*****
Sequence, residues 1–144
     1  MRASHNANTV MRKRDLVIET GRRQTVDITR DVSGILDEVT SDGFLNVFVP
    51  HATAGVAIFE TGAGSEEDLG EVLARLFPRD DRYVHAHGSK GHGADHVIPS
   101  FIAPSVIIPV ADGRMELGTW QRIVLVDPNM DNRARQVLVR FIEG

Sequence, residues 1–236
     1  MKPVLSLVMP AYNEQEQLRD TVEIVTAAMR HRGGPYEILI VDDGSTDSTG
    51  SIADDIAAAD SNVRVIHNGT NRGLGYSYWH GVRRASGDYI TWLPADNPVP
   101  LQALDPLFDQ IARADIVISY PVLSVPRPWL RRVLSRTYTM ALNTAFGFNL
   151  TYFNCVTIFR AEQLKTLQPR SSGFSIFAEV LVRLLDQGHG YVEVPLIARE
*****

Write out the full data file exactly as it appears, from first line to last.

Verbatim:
Sequence, residues 1–144
     1  MRASHNANTV MRKRDLVIET GRRQTVDITR DVSGILDEVT SDGFLNVFVP
    51  HATAGVAIFE TGAGSEEDLG EVLARLFPRD DRYVHAHGSK GHGADHVIPS
   101  FIAPSVIIPV ADGRMELGTW QRIVLVDPNM DNRARQVLVR FIEG

Sequence, residues 1–236
     1  MKPVLSLVMP AYNEQEQLRD TVEIVTAAMR HRGGPYEILI VDDGSTDSTG
    51  SIADDIAAAD SNVRVIHNGT NRGLGYSYWH GVRRASGDYI TWLPADNPVP
   101  LQALDPLFDQ IARADIVISY PVLSVPRPWL RRVLSRTYTM ALNTAFGFNL
   151  TYFNCVTIFR AEQLKTLQPR SSGFSIFAEV LVRLLDQGHG YVEVPLIARE